Flood risk and flood management
Risk management has been established as a well defined procedure for handling risks due to natural, environmental or man made hazards, of which floods are representative. Risk management has been discussed in many previous papers giving different meanings to the term—a result of the fact that risk management actually takes place on three different levels of actions: the operational level, which is associated with operating an existing system, a project planning level, which is used when a new, or a revision of an existing project is planned, and a project design level, which is embedded into the second level and describes the process of reaching an optimal solution for the project. The first two levels will be briefly described in the paper. It will be emphasized that the transition from the first to the second level is a dynamic process. As the value system of a nation changes, and as the natural boundary conditions are modified by human actions or global changes, an existing system will be found not meeting the demands of the present society, and actions on the second level are initiated. The decisions for change depend on the changes in options available for handling a flood situation, as well as on the changes in risk perception and attitudes towards risk. On the third level, the actual cost of a design are evaluated and compared with the benefits obtained from the planned project. In particular, on this level the residual risk is considered, i.e. the risk which remains even after a project is completed and fully operational.
Review article “Assessment of economic flood damage”
Damage assessments of natural hazards supply crucial information to decision support and policy development in the fields of natural hazard management and adaptation planning to climate change. Specifically, the estimation of economic flood damage is gaining greater importance as flood risk management is becoming the dominant approach of flood control policies throughout Europe. This paper reviews the state-of-the-art and identifies research directions of economic flood damage assessment. Despite the fact that considerable research effort has been spent and progress has been made on damage data collection, data analysis and model development in recent years, there still seems to be a mismatch between the relevance of damage assessments and the quality of the available models and datasets. Often, simple approaches are used, mainly due to limitations in available data and knowledge on damage mechanisms. The results of damage assessments depend on many assumptions, e.g. the selection of spatial and temporal boundaries, and there are many pitfalls in economic evaluation, e.g. the choice between replacement costs or depreciated values. Much larger efforts are required for empirical and synthetic data collection and for providing consistent, reliable data to scientists and practitioners. A major shortcoming of damage modelling is that model validation is scarcely performed. Uncertainty analyses and thorough scrutiny of model inputs and assumptions should be mandatory for each damage model development and application, respectively. In our view, flood risk assessments are often not well balanced. Much more attention is given to the hazard assessment part, whereas damage assessment is treated as some kind of appendix within the risk analysis. Advances in flood damage assessment could trigger subsequent methodological improvements in other natural hazard areas with comparable time-space properties.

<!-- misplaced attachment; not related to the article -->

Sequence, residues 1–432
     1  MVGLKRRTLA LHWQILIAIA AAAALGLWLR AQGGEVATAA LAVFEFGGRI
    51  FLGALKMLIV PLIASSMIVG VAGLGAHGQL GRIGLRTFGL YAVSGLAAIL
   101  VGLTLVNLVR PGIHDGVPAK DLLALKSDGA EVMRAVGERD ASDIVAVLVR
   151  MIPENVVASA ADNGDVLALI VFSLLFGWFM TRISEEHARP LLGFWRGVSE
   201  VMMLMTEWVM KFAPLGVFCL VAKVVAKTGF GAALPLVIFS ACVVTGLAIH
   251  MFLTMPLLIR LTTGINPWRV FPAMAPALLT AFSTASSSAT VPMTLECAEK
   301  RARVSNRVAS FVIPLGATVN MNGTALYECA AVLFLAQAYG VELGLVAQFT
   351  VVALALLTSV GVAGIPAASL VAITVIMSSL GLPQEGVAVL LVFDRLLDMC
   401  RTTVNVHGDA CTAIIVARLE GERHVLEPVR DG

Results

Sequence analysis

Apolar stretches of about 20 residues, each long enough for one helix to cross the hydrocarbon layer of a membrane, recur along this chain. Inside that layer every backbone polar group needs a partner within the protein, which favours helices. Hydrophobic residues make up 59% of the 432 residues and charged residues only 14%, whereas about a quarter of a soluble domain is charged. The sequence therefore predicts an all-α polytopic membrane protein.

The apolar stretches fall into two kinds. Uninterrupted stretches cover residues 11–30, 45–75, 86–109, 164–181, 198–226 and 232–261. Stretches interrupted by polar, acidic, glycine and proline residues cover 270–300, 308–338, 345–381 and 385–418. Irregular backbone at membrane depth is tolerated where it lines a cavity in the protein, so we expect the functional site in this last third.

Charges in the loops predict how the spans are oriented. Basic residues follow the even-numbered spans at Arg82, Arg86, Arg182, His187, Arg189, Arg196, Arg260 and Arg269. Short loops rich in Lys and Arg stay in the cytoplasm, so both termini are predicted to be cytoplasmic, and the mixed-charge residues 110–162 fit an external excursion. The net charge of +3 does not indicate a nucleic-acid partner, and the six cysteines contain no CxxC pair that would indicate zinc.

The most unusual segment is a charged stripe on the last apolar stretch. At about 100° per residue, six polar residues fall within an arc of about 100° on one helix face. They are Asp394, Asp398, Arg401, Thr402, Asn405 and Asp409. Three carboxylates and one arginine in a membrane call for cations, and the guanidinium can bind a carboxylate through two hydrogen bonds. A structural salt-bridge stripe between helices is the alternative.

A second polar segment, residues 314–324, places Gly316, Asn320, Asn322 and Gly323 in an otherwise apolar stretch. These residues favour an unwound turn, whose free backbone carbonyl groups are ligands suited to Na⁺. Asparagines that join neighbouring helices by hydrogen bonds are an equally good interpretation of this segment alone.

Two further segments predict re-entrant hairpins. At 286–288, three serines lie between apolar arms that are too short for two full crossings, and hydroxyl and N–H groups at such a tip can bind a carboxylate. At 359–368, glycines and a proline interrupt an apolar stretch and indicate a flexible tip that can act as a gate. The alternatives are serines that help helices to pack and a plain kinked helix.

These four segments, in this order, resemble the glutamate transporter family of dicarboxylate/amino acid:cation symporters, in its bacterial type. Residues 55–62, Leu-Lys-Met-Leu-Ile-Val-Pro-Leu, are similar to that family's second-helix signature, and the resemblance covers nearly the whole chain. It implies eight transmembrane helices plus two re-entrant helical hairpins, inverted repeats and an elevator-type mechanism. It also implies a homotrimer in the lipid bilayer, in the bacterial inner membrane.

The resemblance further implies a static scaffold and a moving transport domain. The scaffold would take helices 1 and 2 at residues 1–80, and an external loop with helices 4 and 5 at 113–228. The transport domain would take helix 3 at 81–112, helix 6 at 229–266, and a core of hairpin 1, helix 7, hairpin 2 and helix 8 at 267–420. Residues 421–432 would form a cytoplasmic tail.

FLOOD DAMAGE, VULNERABILITY AND RISK PERCEPTION – CHALLENGES FOR FLOOD DAMAGE RESEARCH